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More dairy heifers leaving U.S.

Progressive Dairyman Editor Dave Natzke Published on 10 January 2018

With the U.S. dairy herd stubbornly near a two-decade high, cow numbers are frequently cited as a reason for excess milk production stretching processing capacity. While latest information from the USDA shows dairy cow slaughter is outpacing year-ago levels and stabilizing cow numbers, there’s also been renewed demand for dairy replacement heifers in foreign markets.

November 2017 exports of U.S. dairy replacement heifers totaled 2,596 head, valued at $4.8 million, according to latest USDA Foreign Agricultural Service data. It marked the fifth month sales topped 2,500 head in 2017.

Gerardo Quaassdorff, T.K . Exports Inc., Boston, Virginia, said a more favorable dollar exchange rate is helping U.S. exporters gain momentum in world markets. The June-November 2017 total of 13,751 head is more than any six-month stretch since early 2014, and sales during the period surpassed the total for all of 2016.

January-November exports total 26,729 head (with a value of $55.5 million), and remain on pace to yield the highest export total since 2014. December 2017 sales will be reported in early February 2018.

All reported sales went to three countries in November: Canada purchased 1,069; Mexico, 955; and Qatar, 572.

Through the first 11 months of the year, North American Free Trade Agreement (NAFTA) neighbors remain the leading destination for U.S. dairy replacement cattle. Buyers from Mexico have purchased 7,869 head, with the recent demand surge from Canada pushing sales there to 6,311.

Qatar, the target of a trade embargo by several of its neighbors, is striving for dairy self-sufficiency, imported about 2,600 head between September and November. Although they’ve been quiet in the market lately, Turkey and Vietnam were large buyers early in the year.

Looking ahead, Quaassdorff and Tony Clayton, president of Clayton Agri-Marketing, Jefferson City, Missouri, expects the strong finish in 2017 to lead to a fast start in 2018.

In addition to more heifers going to Qatar, recent shipments – not yet reported by USDA – have gone to Russia, Turkey and Thailand, Clayton said. He expects additional sales to Mexico, and his company was preparing a 1,800-head shipment for Sudan in January.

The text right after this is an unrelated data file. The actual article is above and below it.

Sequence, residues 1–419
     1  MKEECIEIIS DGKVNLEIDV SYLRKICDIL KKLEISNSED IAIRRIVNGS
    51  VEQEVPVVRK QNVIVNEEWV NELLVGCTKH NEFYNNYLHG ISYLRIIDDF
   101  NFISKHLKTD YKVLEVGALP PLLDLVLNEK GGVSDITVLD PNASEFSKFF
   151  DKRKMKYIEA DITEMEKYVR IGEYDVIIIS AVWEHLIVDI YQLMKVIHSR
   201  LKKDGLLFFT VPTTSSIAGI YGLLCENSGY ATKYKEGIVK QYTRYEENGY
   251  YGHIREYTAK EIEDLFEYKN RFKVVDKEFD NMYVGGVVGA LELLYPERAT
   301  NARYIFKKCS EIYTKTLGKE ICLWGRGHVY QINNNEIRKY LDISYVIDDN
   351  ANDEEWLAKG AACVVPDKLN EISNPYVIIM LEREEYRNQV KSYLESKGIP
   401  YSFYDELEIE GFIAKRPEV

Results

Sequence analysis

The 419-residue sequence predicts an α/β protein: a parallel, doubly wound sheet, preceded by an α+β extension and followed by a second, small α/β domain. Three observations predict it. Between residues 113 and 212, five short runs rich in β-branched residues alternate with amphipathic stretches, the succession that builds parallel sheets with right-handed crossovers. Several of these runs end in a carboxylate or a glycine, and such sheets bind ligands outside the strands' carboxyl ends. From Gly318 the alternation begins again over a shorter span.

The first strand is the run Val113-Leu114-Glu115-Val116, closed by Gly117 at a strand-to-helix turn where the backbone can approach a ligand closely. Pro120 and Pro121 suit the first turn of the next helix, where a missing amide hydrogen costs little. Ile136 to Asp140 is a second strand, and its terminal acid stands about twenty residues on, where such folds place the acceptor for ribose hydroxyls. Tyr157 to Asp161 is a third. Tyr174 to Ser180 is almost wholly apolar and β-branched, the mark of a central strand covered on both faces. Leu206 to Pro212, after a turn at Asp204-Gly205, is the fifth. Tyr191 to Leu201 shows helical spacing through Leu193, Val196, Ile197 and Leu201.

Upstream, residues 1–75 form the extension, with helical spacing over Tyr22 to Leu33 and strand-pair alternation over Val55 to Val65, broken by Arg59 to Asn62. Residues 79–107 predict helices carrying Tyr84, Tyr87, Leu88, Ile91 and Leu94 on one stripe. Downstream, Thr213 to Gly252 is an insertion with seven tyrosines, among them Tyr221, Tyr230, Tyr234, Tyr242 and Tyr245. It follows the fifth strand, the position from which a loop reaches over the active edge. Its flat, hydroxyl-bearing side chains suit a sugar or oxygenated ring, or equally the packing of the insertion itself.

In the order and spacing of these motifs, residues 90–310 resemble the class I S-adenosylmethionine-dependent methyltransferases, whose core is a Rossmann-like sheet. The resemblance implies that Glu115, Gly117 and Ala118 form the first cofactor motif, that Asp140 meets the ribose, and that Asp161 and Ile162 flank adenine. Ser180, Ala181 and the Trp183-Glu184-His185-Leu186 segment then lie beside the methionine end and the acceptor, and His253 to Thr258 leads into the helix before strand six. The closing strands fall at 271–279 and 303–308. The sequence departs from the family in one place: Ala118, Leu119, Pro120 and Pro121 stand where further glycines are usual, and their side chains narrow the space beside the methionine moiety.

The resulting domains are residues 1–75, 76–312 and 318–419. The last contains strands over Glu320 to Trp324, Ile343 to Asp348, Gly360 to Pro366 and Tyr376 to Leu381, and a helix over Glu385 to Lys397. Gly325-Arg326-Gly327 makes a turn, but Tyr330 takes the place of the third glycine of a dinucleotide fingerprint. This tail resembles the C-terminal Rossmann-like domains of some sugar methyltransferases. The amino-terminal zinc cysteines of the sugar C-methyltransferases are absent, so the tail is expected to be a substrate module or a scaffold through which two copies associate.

Leading markets for U.S. dairy heifers, number of head, January-November 2017

Mexico – 7,869

Canada – 6,311

Vietnam – 5,040

Turkey – 3,276

Qatar – 2,600

Challenges remain

While currency exchange rates are favorable, nothing comes easy, Quaassdorff said.

Protocols related to diseases such as leucosis, infectious bovine rhinotracheitis (IBR) and bluetongue disease are periodically being reviewed, leading to potential misinterpretations and/or cumbersome/unrealistic health requirements. The health standards, frequently moving targets, add testing costs.

“Some regular importing countries are restructuring/reviewing their animal health/import permit requirements, making the eligibility of heifers more difficult,” he said.

Health screening is critical. “No exporter will buy a heifer that is positive to leucosis test, so a dairy producer needs to pre-screen these animals before offering them to an exporter,” Quaassdorff said.

Animals with accurate health records, including documented health management and routine vaccine programs, are more valuable. With demands related to health certificates and genetic identification a moving target, Quaassdorff recommends working with a veterinarian willing to understand and follow the export procedures. Potential sellers should also work with reputable and experienced exporting companies, including members of the Livestock Exporter Association.

Other demands

Quaassdorff said foreign buyers are looking for several other things when purchasing dairy cattle. While animals do not have to be registered, accurate sire identification is important. Animals with parentage verification and performance information through genomic tests are more valuable.

Exporters prefer to buy uniform-sized heifers from few locations, with heifers meeting breed standards for weight and age.  end mark

Dave Natzke
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